"Computer. End holographic program...Computer? Computer?"

              by kredwyn on Tue Oct 04, 2005 at 10:32:11 PM PDT

              [ Parent ]

              •  Replaced by...... (none)
                Unfortunately, when Delay had to give up the gavel it didn't go to Kermit the Frog or anybody else who would let people just vote the way they like.  It's a little early to announce that the era of party line, top down, democracy is over.

                The Bush White House: Where being right gets you fired and being wrong gets you the Presidential Medal of Freedom.

                by Tod on Tue Oct 04, 2005 at 11:57:25 PM PDT

                [ Parent ]

                •  I'm not saying that the era is over... (none)
                  I am pointing out that there is probably a great deal of confusion and grumbling inside the ranks. Tack on really low numbers for a lame duck POTUS and a mid-term election season (post-Hackett) and the ranks of GOP Congress are beginning to realize they might have some wiggle room to work with.

                  "Computer. End holographic program...Computer? Computer?"

                  by kredwyn on Wed Oct 05, 2005 at 06:27:53 AM PDT

                  [ Parent ]

        •  Frankly... (4.00)
          "I'd hope you'd recognize that an honest disagreement about how best to keep choice safe and legal"

          I'm not totally convinced that some of the pro-life Dems are interested in "how best to keep choice safe and legal."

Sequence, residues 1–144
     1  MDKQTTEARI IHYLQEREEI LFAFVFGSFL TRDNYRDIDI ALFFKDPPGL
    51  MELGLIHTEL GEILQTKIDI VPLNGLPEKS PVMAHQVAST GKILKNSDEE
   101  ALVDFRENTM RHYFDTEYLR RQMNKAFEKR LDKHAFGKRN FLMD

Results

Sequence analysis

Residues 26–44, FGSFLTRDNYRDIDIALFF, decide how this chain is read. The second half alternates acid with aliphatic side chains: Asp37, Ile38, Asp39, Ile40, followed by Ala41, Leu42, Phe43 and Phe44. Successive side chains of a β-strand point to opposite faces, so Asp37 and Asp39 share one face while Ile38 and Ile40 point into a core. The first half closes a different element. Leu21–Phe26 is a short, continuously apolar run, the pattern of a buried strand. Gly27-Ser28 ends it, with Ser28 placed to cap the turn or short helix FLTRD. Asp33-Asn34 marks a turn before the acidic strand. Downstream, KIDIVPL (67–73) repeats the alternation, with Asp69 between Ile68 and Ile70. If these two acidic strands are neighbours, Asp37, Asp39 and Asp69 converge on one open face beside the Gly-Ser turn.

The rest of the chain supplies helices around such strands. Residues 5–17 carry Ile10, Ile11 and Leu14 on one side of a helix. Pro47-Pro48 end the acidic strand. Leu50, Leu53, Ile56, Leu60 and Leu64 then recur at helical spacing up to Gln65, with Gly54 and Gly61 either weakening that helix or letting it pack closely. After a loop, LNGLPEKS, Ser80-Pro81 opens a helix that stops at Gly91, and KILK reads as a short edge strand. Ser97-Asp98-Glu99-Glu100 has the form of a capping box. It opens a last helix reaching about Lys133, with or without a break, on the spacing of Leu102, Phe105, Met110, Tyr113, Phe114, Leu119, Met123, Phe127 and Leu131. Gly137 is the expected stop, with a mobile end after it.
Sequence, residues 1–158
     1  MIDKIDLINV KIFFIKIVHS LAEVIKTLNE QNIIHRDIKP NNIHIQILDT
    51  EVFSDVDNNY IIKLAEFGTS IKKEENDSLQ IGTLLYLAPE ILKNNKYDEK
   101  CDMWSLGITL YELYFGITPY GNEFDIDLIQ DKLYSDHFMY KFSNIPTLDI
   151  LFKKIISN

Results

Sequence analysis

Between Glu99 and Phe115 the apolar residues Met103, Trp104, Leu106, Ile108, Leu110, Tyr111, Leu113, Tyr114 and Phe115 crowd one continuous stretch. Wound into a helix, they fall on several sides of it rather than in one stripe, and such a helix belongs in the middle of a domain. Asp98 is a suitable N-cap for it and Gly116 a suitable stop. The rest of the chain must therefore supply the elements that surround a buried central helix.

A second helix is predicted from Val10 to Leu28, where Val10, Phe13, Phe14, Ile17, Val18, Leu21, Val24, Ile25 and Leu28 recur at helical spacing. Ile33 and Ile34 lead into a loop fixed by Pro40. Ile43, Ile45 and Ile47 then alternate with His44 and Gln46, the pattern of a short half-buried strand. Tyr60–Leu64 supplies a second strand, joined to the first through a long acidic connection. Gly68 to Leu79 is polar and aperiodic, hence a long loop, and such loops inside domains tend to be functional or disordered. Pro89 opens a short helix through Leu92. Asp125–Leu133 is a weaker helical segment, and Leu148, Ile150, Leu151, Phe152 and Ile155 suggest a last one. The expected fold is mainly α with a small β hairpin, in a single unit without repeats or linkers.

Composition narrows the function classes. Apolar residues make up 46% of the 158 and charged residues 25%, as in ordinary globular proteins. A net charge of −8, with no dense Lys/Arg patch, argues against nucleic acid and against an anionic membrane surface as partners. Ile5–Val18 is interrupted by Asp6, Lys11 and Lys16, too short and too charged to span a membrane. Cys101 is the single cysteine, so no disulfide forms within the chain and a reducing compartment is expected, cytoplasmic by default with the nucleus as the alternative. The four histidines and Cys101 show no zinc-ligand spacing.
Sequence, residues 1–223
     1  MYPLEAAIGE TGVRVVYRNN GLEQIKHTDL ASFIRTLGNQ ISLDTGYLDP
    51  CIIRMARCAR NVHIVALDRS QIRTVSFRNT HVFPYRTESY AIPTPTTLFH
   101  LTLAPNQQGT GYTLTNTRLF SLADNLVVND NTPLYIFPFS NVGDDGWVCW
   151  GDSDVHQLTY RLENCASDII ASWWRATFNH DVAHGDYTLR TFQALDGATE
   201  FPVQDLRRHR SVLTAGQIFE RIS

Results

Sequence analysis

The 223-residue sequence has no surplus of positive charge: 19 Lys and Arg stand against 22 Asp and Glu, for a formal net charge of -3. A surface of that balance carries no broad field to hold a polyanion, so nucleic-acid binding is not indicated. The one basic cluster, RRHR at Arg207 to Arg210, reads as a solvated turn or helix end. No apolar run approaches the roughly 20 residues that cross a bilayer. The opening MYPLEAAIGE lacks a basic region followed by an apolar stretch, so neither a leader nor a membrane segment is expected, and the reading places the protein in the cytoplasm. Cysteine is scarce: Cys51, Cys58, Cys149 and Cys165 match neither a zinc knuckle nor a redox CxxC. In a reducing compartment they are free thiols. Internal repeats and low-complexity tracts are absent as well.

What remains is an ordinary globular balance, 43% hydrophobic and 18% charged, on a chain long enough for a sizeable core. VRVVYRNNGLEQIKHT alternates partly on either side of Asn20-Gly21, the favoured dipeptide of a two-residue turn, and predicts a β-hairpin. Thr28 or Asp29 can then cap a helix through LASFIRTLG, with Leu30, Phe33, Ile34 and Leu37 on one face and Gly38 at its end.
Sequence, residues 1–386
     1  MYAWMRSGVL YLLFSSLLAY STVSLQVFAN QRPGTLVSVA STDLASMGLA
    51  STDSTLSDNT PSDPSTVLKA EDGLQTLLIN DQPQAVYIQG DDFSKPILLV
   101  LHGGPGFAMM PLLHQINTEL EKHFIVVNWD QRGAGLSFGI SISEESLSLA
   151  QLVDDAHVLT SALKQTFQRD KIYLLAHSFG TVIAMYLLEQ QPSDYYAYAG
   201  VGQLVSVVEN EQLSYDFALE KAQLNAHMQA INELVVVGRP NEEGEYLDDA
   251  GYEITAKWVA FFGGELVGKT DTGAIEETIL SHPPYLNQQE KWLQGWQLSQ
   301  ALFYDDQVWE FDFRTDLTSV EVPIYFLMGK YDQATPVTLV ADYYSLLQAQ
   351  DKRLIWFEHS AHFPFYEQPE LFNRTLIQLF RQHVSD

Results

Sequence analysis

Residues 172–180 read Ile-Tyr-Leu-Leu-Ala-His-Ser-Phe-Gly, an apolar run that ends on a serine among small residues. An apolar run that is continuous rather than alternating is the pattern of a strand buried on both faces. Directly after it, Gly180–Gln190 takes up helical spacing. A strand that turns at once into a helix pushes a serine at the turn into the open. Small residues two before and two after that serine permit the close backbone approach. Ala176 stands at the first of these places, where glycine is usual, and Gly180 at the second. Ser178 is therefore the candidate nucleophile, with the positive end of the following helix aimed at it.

"Computer. End holographic program...Computer? Computer?"

          by kredwyn on Tue Oct 04, 2005 at 03:22:09 PM PDT

          [ Parent ]

          •  Quite a few of them (none)
            are avowedly pro-criminalization, and proud of it.

            NNAF: Funding equal access for the women of Katrina

            by moiv on Tue Oct 04, 2005 at 05:01:08 PM PDT

            [ Parent ]

            •  You underscore my point... (none)
              thanks.

              "Computer. End holographic program...Computer? Computer?"

              by kredwyn on Tue Oct 04, 2005 at 10:34:03 PM PDT

              [ Parent ]

              •  No illusions about that. (none)
                I never suggested that the pro life democrats were just teasing.  My point is that, even acknowledging that they are serious on this issue, the democratic caucus would still be strongly pro choice overall.  That would mean a 10-8 majority on the judiciary committee and the power to set the agenda.  A democratic majority overall could see to it that a particularly bad judge never even comes up for a vote in committee, so a guy like Zell Miller doesn't even get a chance to cross the aisle.  Remember that happened to Clinton all the time, without the kind of cost associated with a fillibuster.

                The Bush White House: Where being right gets you fired and being wrong gets you the Presidential Medal of Freedom.

                by Tod on Wed Oct 05, 2005 at 12:07:49 AM PDT

                [ Parent ]

                •  You forget something... (none)